When they dove, they would disappear behind the foredune, then rise up again with a fish in their talons.  I have seen this before, but it's always exciting.


This is the same bird enjoying his breakfast.  These eagles are much farther away than they look in the photos.  Thanks to a telephoto lens and some cropping, we can get closer looks.

If I had not seen these birds flying to the trees, I doubt I would have spotted them.  When they get into the dappled shade of the forest, they become almost invisible.  This could be a clue to the reason they are colored as they are.  Eagles will squabble with each other over fish.  Disappearing in the trees may be a good way to be left alone with one's catch.


Besides the eagles, the skies this morning were also filled with naval aircraft, dozens of them.  They were circling over the park preparing to land at the Whidbey Island Naval Air Station three miles to the south.  This is a P-3C Orion identified by the "stinger" on the tail.  One of these would pass overhead every three or four minutes.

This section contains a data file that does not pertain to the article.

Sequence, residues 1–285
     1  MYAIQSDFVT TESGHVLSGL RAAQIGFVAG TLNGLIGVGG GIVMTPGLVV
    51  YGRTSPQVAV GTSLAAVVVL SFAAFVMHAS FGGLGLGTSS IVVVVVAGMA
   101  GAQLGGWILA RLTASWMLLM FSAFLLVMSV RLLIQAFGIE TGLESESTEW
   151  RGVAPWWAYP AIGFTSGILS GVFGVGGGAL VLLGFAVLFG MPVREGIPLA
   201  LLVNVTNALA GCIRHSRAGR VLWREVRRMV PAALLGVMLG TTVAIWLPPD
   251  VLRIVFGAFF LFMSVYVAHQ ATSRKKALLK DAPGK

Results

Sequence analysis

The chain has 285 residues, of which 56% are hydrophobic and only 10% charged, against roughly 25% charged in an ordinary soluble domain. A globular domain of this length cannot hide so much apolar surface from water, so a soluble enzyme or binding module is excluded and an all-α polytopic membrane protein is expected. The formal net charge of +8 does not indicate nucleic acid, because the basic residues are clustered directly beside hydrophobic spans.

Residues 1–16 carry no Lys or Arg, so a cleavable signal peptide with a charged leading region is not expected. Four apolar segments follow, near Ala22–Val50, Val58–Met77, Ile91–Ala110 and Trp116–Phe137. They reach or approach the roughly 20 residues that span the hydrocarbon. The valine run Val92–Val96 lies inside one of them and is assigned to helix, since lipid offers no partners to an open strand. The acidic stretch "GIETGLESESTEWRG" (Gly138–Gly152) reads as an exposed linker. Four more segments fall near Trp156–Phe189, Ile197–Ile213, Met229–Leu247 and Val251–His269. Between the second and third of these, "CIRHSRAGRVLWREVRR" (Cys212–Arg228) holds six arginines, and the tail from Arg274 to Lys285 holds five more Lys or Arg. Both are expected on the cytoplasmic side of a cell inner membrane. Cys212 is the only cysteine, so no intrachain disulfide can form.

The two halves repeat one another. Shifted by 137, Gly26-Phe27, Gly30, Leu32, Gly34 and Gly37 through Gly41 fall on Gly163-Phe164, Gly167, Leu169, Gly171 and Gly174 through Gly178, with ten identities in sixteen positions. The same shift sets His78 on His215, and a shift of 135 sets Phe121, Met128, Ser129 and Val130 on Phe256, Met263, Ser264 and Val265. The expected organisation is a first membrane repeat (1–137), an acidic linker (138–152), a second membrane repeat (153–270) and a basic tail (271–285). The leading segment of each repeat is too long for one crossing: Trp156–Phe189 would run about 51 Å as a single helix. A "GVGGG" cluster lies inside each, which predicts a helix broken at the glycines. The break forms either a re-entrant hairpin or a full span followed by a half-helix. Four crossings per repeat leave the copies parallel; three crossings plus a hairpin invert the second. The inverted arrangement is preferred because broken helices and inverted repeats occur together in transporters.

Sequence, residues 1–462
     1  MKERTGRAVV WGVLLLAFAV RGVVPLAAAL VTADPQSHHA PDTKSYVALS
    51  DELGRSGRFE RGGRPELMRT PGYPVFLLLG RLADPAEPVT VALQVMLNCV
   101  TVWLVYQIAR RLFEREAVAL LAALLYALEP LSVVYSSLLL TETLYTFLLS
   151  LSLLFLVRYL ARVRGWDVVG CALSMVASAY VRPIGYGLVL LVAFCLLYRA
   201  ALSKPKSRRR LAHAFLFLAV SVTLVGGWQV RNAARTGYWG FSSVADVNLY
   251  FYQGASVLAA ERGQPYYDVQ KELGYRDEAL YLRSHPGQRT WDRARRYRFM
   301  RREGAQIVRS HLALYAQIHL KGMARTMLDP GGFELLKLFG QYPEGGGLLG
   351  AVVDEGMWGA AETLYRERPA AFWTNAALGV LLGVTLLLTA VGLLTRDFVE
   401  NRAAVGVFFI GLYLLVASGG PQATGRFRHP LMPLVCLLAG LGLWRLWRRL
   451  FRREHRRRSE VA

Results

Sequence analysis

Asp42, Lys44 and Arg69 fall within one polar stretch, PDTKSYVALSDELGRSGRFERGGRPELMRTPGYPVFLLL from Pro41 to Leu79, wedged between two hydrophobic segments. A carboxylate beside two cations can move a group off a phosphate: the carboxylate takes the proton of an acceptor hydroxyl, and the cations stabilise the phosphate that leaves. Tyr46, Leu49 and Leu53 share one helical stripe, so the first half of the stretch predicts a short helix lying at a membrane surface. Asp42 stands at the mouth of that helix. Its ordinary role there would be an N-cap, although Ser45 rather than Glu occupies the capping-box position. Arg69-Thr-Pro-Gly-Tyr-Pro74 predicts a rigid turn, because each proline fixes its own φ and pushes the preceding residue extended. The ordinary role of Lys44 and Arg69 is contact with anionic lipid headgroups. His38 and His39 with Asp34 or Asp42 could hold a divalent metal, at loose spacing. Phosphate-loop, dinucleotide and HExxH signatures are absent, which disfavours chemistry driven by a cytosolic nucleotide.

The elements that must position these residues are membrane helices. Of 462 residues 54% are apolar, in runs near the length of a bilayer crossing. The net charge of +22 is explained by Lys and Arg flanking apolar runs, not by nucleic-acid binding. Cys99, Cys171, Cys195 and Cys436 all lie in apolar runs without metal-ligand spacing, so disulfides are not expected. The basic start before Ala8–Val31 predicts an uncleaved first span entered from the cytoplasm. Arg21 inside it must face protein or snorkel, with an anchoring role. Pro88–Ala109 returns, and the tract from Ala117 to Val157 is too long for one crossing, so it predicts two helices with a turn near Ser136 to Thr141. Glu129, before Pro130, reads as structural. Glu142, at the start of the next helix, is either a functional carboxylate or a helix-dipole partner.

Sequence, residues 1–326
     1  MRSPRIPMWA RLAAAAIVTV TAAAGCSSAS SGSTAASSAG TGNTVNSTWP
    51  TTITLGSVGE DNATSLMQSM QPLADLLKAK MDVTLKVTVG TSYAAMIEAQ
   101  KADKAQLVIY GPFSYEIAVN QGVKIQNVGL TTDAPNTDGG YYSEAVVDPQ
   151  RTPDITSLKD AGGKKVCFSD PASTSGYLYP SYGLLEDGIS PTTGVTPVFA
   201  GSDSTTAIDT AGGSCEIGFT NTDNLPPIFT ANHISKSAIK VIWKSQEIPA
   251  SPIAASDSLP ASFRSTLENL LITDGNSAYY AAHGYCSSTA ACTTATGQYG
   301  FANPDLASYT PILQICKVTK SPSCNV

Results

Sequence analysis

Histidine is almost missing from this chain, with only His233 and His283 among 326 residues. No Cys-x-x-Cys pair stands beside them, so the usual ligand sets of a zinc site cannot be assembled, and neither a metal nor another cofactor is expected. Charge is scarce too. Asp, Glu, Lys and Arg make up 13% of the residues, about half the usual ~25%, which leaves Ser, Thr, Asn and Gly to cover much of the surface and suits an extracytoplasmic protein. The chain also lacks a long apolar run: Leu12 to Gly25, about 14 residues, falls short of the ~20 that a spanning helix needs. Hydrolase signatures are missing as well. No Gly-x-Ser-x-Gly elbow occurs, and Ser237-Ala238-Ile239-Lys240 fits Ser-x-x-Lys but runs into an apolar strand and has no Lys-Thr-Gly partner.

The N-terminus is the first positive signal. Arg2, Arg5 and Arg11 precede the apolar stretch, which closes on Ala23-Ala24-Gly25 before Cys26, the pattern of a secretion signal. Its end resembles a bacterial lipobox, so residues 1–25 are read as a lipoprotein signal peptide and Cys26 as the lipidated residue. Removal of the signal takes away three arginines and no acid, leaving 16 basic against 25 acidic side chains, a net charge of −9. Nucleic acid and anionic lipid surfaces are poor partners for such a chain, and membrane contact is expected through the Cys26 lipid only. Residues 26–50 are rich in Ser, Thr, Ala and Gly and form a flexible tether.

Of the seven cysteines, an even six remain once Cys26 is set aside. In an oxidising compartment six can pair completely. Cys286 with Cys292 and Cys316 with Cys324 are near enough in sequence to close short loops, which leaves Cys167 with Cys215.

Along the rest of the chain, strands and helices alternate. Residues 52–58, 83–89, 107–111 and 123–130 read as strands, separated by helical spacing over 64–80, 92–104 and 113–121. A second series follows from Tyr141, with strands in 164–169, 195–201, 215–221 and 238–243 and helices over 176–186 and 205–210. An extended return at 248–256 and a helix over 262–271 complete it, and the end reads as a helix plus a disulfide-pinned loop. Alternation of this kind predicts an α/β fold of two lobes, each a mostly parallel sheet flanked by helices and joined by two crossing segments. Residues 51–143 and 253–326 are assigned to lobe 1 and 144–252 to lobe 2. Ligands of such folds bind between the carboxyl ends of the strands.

It is possible this was a small group of planes doing touch-and-go exercises.  This is how they rehearse carrier landings.  Instead of several planes, I may have been seeing the same planes circling again and again.  This touch-and-go maneuver is the same technique used by the eagles to catch fish.  See the clever tie-in?


There is a new interpretive sign at West Beach to help visitors identify the aircraft they might see here.  We consider these part of the wildlife.  Besides the Orions, I saw a few EA-18G Growlers (#2) and one P8 Poseidon (#5) which is the Navy's version of the Boeing 737.  In the case of the Growler, let me tell you, the name does not come close to describing the noise these aircraft make.

Coming up, Heermann's Gulls, Northwestern Crows, Fraggle Rock and the Mayor of West Beach again.